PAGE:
Uber threatens to leave Seattle if drivers can unionize; drivers rejoice


#1

Originally published at: http://boingboing.net/2017/04/06/uber-bit-my-finger.html


#2

“All the white people working part-time are against the union,” said Singh. “They’re just doing it for fun.”

I expect some of those white people might disagree. IANFS, but around these parts there’s plenty of desperate white people.


#3

Uber let the cat out of the bag that the taxi business model was dead, and now communities have let the cat out of the bag that the uber model can be modified to heavily favor the drivers. Neat! and all in less than 10 years.


#4

Please get them out’a San Diego too. I’ve taken to just paying my Lyft dude straight cash by getting his cell number and calling him direct. Believe me I made a friend for life.


#5

Or they can go the worker’s co-operative route instead, and avoid the problems associated with having an unelected boss…


#6

I’ll have to remember that. I have had people ask me if they can get me again though Lyft and I have to let them know that they probably can’t based on how the app works.


#7

This. I live in eastern New Jersey and commute to New York City every day via public transit. Sometimes I have to go to an appointment or whatever and need a car. Local taxi services hate driving me around and have told me point blank they have enough business to just go back and forth to the airport that I should take Uber or Lyft instead.

When I do invariably I end up in small talk because some drivers aren’t familiar with the area. And half of them end up being from Pennsylvania, at least 90 minutes away. It’s better for them to drive an hour and a half or two hours instead of driving in Stroudsburg or trying to find another kind of job out there.

Times is tough all along the line. There’s some white people out there doing it to fill the time but an awful lot of desperate people of all races.


#8

He made up cheapy biz cards, and now hands them out. It’s a Free Market after all…


#9

Between cab licensing/medallion systems and unions, it seems that the taxi industry loves protecting its privileges. Mainly the privilege to screw the rest of us over with crappy, expensive service.


#10

unalienated labor doesn’t come cheap, pal.


#11

Yes it is!! Unless of course it affects my existing company, then I need to be protected by the government “for the good of my customers”!


#12

I’ve seen that a couple times in smaller areas where the alternative to rideshare is drunk driving and/or suspended license (very diff. model than cities). Driver has a loaded car with chargers, water, etc. and hands out a # for return ride.

Of course I’m in those areas for a beer festival or two, hence using of Uber/Lyft, but seems like an awesome idea.


#13

This is why in DC I’m more wont to take a rideshare than a cab. As horrible as Uber the company is, they are STILL better than a DC cab that is run by terrible people, and has drivers who literally can’t figure out how to navigate lettered/numbered streets.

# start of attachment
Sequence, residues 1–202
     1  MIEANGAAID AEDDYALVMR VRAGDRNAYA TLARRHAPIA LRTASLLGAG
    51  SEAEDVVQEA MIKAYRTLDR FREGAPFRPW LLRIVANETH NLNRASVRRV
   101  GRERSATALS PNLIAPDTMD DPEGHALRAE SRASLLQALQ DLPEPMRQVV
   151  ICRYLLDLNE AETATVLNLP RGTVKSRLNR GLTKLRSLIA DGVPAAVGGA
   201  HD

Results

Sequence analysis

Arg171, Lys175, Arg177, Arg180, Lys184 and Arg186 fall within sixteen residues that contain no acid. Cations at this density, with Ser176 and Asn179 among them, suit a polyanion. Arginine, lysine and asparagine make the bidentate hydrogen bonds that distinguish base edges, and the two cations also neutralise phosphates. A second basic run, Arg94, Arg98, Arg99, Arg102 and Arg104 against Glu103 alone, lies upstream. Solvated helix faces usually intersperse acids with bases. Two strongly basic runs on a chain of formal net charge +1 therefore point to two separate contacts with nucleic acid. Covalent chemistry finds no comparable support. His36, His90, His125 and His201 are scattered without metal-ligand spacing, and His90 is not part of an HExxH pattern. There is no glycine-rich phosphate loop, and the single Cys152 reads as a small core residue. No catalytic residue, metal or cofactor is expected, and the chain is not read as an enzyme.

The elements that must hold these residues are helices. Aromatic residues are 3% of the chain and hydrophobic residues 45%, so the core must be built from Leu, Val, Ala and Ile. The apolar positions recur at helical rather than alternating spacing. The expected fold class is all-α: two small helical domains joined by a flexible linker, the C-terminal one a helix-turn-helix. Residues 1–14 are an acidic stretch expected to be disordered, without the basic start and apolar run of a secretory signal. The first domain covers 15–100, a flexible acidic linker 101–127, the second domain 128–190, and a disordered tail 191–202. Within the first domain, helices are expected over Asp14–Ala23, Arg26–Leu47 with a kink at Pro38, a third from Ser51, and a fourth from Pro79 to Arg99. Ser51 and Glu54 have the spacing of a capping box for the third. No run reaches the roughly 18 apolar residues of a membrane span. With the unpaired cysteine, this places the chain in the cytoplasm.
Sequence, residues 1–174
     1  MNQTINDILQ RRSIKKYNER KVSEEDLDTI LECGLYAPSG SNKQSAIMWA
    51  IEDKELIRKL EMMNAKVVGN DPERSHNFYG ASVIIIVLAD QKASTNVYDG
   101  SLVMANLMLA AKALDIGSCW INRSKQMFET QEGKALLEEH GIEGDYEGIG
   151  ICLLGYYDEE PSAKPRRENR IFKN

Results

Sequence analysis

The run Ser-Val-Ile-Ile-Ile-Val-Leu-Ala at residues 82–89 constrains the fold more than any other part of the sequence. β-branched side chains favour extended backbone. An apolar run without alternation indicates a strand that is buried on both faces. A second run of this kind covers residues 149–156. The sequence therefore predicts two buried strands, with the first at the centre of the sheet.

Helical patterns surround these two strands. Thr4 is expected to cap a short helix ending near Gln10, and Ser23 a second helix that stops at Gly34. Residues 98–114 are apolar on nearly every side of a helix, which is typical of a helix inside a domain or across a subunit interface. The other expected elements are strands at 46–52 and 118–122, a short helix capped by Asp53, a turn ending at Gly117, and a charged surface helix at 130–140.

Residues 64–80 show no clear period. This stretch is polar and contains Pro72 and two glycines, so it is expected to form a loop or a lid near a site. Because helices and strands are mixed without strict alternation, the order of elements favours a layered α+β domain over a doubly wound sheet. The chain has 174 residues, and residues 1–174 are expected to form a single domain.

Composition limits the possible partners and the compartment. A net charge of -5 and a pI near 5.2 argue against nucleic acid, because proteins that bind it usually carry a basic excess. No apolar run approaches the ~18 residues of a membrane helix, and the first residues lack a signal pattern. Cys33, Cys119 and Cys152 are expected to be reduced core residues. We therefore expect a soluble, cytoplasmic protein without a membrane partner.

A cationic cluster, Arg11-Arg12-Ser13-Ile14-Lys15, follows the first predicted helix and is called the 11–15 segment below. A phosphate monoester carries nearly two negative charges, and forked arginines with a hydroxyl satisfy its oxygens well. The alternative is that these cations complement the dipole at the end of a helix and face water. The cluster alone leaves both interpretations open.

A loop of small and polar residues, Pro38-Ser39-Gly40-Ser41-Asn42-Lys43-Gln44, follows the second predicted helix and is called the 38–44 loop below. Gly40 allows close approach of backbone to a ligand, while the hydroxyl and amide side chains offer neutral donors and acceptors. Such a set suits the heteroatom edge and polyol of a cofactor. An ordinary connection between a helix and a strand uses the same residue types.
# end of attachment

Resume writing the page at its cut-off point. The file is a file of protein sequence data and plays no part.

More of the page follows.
That said, I’m taking Lyft most of the time now, on the same logic. They’re sort of on the Target isn’t quite as horrible as Walmart, but neither is great scale.


#14

Uber will be supplanted by a self driving company.


#15

Hmm. I wonder what Uber would do if one of their drivers straight-up abused the shit out of their Uber status to hawk their own one-person cab company? Like by handing out a business card guaranteeing sub-Uber rates. [EDIT: I see from your later comment that that’s exactly what your guy did.]

Uber has staked their entire existence (as a cab company, anyway) on the premise that they don’t have a single driver-employee, just “independent contractors.” There’s only so much you can do to restrain the trade of independent contractors before they become your de facto employees. (Or in this case your even more de facto employees.)

For that matter, I wonder how vulnerable the whole Uber/driver tech-mediated relationship is to scamming/spoofing/subverting. Ten taxi drivers, registered as Uber drivers, could do a lot of damage to Uber’s reputation in a single “surge” just by toggling their availability status. (Turn on, accept fare, wait, turn off, repeat.) Sure, they’d get booted by the algorithm eventually, but not before the damage was done. That may be a bad example–I don’t know how their internal processes work–but I get the feeling that they’re kind of inherently vulnerable to such shenanigans while they’re thumbing their nose at the very concept of regulation or being subject to mere municipal laws.


#16

Isn’t that what all unions do? And I thought unions were good for the workers?


#17

Uber should convert to a religion. They’d gain a massive First Amendment firewall to hide behind from judges, escape from all kinds of labor and pay laws, and they could lock their religious worker/volunteers into their own arbitrary arbitration process that doesn’t even have to exist. (Gracia v. Scientology.)

Oh, and they could toss religious bigot at anyone that criticized them.


#18

I suspect it’s more an case of “the white people who work non-union white-collar jobs that don’t pay living wages, but who have been brainwashed to believe that unions are bad.” I know a fair few of those…


#19

Growing up in Michigan in the 90’s, I knew a lot of white people working blue collar non-union jobs that didn’t pay living wages and had been brainwashed into believing unions were bad. Or their cousin downstate told them unions were bad because they got laid off when their employer ran the company into the ground instead of working with the unions and blamed it publicly on the unions with the backing of the President.


#20

I can’t speak for Seattle overall but among the people I know here Uber is dead. Everyone has switched to Lyft while keeping a cynical eye open for Lyft to start pulling the same crap if Uber leaves.